A Gentleman in Moscow – A Lesson in Purpose and Sophistication

A pure joy – that’s the best way I can describe A Gentleman in Moscow by Amor Towles.  Not only will you learn lessons in sophistication, but more importantly, what it means to have purpose. 

Count Alexander Ilyich Rostov, the main character, is an aristocratic gentleman who is imprisoned by a Bolshevik tribunal and placed under house arrest inside the Metropol.  The Metropol is a real hotel in the center of Moscow that was built prior to the Russian Revolution in 1917.  The book in general seems historically accurate, although I did not know much about the Bolsheviks and the history of the Soviet Union prior to reading A Gentleman in Moscow.

When Count Rostov is imprisoned in 1922, he loses his freedom to the confines of the Metropol, but the beautiful irony becomes clear as he discovers a world arguably richer and more abundant with life than the one outside.  The characters he befriends, from the executive chef of the Boyarsky, to its head waiter, and a small girl, all capture his imagination and help provide him with purpose in his enclosed world. 

“A man must master his circumstances or otherwise be mastered by them.”  The Count always reminds himself of this noble truth.  Instead of dwelling in the darkness of his perpetual situation, he makes every effort to find meaning and hope in every corner of the hotel.  So when a young girl is effectively left at his doorstep to care for and raise, he acts with gusto and resolve.  He raises the girl as if she were his own.  He teaches her about the world through his stories, even though, at this point, he has not ventured outside the hotel’s doors for years.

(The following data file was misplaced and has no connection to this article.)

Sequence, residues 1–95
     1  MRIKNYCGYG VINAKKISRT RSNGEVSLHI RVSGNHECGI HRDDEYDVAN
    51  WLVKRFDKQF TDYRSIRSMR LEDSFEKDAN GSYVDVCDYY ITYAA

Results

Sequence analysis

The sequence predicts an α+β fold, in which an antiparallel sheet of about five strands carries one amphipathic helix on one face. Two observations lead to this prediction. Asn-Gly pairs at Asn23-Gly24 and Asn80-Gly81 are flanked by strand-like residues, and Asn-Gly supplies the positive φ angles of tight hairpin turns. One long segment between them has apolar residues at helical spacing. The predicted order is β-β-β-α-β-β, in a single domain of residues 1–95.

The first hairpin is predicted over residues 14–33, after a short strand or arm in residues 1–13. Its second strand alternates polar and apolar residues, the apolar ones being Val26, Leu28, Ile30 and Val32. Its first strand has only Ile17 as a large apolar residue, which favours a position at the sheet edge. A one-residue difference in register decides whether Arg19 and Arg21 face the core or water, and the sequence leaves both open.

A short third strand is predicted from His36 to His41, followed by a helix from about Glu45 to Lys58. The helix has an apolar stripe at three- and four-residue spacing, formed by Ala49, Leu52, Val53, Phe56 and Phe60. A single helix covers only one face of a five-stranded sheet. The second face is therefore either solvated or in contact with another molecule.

Some may describe the Count as a “Renaissance Man” of sorts.  Prior to his house arrest, he was a member of Russian aristocracy, he traveled the world, reveled in the city streets of Paris, and immersed himself in almost every culture and field of study in the world, whether through books or in person.  He learned how to be gentleman.                      

One of the most powerful parts of the book for me was how Towles tied the Count’s sophistication into Russian history.  The Metropol was less impacted from the Revolution in comparison to other segments of Russian culture because it served as a hub for international travelers visiting Moscow.  In time, however, the Bolsheviks got around to recasting this grand hotel into a mold of their own making, even going so far as to remove any form of identification on wine bottles served in the hotel’s restaurants.  The Bolsheviks rooted out any form of difference, all the way down to the wine lists, which were viewed to run counter to the ideals of the Revolution.  It was seen as a monument to the privilege of the nobility and upper classes.  The Metropol would therefore only serve red or white wine, and nothing more.  

This connection between history and the Count mastering his circumstances plays itself out until the end of the novel.  The book does a fantastic job of illustrating what life is like under a Communist regime, especially the restrictions on movement and free speech.  It provides a thoughtful study in political science, history, sociology, literature, and the arts, particularly through the Count’s conversations with members of the Communist party, who he develops relationships with at the Metropol.

With this historical backdrop and context, the Count’s search for purpose entices the reader and brings them on quest that is difficult to pause.  Best of all, so many passages simply make you smile, for they perfectly articulate universal truths so effortlessly:

“I’ll tell you what is convenient,” he said after a moment.  “To sleep until noon and have someone bring you your breakfast on a tray.  To cancel an appointment at the very last minute.  To keep a carriage waiting at the door of one party, so that on a moment’s notice it can whisk you away to another.  To sidestep marriage in your youth and put off having children altogether.  These are the greatest conveniences, Anushka – and at one time, I had them all.  But in the end, it has been the inconveniences that have mattered to me the most.” 

For useful additional color on this book, see a Q&A with Amor Towles himself.  I could not recommend this book more.  Happy reading.         


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